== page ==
Cover crops can lower crop yields, study shows

17-11 | |
Soy beans are being planted in a field with cover crops. - Photo: Phill Magakoe / AFP
Soy beans are being planted in a field with cover crops. - Photo: Phill Magakoe / AFP

According to new Stanford University-led research cover crops reduce corn and soybean yields.

Cover cropping as currently done in a major U.S. crop-growing region reduces corn and soybean yields, and could lead to indirect environmental impacts from expanded cultivation to make up for the losses. That’s the conclusion of a study by Stanford University, published in Global Change Biology.

20 million acres of farmland analysed

Cover cropping is currently being done on about 5% of fields in the primary corn-growing region of the U.S. In the first large-scale, field-level analysis of yield impacts from cover cropping across the U.S. Corn Belt, the researchers used satellite imagery to look over about 20 million acres of farmland in Iowa, Indiana, Missouri, Ohio, Illinois, and Michigan. They analysed every field that had grown cover crops for at least three years, comparing them to similar fields that had not been planted with cover crops.

Yield declines of 5.5% for corn and 3.5% for soybeans

On average, fields with cover cropping saw yield declines of 5.5% for corn and 3.5% for soybeans. The greater maize yield losses likely reflect the crop’s greater need for nitrogen fertilizer, a chemical that common cover crops also use, and water, which cover crops can deplete ahead of dry growing seasons.

The yield declines equate with a loss of about $40 per acre for corn and $20 per acre for soybeans. That loss, combined with the cost of implementing cover crops – about $40 per acre – makes long-term adoption of the practice challenging, the researchers write.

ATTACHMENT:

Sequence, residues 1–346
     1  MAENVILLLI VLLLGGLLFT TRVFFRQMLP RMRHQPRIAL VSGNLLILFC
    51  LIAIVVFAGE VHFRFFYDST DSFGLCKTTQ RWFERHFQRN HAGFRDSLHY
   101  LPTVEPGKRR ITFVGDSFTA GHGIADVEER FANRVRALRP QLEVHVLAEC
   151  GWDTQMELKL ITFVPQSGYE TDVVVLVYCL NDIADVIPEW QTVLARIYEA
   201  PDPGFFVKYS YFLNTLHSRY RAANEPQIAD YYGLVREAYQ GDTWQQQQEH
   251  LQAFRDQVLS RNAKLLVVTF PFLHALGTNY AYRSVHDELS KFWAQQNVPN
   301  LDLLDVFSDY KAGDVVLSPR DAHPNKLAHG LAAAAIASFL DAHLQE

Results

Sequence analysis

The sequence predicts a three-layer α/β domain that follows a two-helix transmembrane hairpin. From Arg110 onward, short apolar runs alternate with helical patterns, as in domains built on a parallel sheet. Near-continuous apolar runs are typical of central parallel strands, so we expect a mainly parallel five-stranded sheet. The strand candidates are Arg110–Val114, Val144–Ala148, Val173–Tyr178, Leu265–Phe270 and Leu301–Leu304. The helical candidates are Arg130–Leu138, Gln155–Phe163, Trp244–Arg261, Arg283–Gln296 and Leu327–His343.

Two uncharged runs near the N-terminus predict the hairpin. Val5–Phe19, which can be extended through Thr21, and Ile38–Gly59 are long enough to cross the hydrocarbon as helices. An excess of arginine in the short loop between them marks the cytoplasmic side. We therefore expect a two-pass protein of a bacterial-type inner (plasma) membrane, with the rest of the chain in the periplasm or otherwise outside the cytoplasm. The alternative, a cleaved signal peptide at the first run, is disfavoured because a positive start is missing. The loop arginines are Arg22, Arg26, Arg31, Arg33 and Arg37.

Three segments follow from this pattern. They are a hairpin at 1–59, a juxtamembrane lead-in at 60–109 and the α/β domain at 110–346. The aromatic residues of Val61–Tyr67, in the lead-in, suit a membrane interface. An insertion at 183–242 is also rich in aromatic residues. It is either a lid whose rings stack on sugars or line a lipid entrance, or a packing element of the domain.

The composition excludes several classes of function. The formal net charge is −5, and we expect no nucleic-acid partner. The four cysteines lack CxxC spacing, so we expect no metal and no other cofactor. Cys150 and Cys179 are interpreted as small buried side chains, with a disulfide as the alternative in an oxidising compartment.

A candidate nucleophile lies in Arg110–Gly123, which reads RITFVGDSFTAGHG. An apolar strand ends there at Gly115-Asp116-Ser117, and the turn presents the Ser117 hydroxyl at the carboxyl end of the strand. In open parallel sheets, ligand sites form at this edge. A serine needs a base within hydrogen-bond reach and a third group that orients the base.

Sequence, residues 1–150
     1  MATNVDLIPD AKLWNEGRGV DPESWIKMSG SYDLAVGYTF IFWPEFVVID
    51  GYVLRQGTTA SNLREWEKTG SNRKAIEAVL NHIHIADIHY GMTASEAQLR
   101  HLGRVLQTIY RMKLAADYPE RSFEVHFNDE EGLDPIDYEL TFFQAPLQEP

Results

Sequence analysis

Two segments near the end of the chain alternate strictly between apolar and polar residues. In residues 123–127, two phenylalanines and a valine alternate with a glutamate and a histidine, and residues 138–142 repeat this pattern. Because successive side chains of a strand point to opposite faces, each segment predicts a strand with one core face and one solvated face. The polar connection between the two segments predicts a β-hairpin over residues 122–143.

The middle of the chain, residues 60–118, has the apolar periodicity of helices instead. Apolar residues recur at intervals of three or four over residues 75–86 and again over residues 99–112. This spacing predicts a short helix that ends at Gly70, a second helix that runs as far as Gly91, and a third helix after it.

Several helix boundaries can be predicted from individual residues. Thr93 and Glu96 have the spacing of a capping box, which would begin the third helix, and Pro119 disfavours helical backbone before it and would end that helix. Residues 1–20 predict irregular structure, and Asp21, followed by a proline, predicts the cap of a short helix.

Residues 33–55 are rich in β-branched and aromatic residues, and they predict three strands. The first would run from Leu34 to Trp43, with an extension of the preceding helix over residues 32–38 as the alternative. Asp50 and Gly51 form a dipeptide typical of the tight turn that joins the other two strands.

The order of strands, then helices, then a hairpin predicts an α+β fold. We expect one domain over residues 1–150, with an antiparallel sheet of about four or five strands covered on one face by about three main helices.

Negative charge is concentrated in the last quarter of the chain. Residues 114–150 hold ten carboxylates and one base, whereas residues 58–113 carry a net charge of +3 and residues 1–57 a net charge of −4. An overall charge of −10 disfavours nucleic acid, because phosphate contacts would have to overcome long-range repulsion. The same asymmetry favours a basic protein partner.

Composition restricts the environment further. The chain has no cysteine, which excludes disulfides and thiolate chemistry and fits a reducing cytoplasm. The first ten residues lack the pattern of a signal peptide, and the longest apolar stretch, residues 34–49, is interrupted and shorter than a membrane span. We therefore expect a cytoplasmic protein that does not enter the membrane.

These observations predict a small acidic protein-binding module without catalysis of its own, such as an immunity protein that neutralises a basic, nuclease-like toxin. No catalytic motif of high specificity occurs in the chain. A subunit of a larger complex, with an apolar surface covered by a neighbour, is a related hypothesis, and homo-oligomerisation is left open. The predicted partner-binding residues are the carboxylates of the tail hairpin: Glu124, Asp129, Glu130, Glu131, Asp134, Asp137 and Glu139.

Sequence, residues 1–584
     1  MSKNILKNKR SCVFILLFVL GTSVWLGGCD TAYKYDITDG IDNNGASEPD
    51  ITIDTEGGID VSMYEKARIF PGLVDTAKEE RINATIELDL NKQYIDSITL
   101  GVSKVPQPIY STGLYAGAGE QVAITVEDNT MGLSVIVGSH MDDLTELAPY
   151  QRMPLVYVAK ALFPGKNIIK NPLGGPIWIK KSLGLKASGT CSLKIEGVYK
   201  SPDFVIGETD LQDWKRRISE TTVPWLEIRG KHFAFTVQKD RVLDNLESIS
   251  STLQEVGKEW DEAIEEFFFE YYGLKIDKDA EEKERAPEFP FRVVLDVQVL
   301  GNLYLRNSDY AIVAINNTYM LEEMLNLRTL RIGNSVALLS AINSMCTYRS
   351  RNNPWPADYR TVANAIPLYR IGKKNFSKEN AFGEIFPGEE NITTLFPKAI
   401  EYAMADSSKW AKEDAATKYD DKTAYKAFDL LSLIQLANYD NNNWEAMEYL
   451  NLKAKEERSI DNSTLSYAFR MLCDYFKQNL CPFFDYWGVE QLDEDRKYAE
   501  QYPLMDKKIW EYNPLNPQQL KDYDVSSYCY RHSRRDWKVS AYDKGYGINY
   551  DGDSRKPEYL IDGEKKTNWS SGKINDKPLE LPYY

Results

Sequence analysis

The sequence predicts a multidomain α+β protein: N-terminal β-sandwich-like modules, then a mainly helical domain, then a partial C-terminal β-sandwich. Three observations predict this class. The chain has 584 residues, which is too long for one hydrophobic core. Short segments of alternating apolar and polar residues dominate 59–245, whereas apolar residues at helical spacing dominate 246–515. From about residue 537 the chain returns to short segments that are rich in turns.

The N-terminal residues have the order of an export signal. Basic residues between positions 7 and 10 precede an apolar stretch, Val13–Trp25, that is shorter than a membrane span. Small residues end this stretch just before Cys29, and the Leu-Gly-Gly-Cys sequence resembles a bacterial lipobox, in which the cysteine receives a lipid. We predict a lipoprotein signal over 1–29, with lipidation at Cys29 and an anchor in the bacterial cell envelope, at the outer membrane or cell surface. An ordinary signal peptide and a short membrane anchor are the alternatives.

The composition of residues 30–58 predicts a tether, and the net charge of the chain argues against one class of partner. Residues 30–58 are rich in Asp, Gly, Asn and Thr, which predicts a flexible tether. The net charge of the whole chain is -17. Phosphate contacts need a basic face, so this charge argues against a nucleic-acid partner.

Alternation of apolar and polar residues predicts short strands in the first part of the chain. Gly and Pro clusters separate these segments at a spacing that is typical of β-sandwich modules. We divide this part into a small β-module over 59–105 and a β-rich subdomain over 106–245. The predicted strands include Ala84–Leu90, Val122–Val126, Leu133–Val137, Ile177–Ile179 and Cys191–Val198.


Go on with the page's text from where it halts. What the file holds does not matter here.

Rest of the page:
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Cover crops could still prove beneficial

Despite the sobering findings, the researchers emphasize that cover crops could still prove beneficial to farmers and the rest of society. It could be that the benefits take a while to kick in, and it’s likely that farmers will become better at implementation. More research can help guide that implementation by showing, among other things, how alternatives to rye—the most commonly used cover crop in the U.S. Corn Belt—might result in higher primary crop yields in some regions.

Cover cropping is one way to store carbon dioxide in the soil. The day is coming when most farmers in the developed world will earn money from storing carbon dioxide in their soils, but when and how much? Find out in this article: How to make money from carbon soil sequestration?
Claver
Hugo Claver Web editor for Future Farming



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